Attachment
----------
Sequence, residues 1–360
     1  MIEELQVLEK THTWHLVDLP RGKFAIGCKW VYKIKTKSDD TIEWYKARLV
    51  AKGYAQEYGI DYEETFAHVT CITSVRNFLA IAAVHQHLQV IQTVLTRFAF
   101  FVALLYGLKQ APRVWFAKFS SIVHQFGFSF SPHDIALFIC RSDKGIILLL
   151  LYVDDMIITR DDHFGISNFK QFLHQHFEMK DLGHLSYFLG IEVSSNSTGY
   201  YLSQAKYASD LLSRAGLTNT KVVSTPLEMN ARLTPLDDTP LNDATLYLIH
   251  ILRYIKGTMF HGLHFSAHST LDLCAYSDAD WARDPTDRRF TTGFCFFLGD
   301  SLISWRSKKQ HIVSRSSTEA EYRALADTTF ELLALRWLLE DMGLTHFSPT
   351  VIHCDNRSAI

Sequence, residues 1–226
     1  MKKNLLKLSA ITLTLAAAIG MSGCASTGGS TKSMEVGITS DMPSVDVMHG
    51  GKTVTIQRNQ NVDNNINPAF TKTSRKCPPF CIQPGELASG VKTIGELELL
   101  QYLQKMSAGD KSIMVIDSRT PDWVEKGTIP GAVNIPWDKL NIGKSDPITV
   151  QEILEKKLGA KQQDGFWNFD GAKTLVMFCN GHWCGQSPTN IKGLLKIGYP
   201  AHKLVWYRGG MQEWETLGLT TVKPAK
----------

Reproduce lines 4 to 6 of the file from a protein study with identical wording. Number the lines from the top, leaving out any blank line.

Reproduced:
   101  FVALLYGLKQ APRVWFAKFS SIVHQFGFSF SPHDIALFIC RSDKGIILLL
   151  LYVDDMIITR DDHFGISNFK QFLHQHFEMK DLGHLSYFLG IEVSSNSTGY
   201  YLSQAKYASD LLSRAGLTNT KVVSTPLEMN ARLTPLDDTP LNDATLYLIH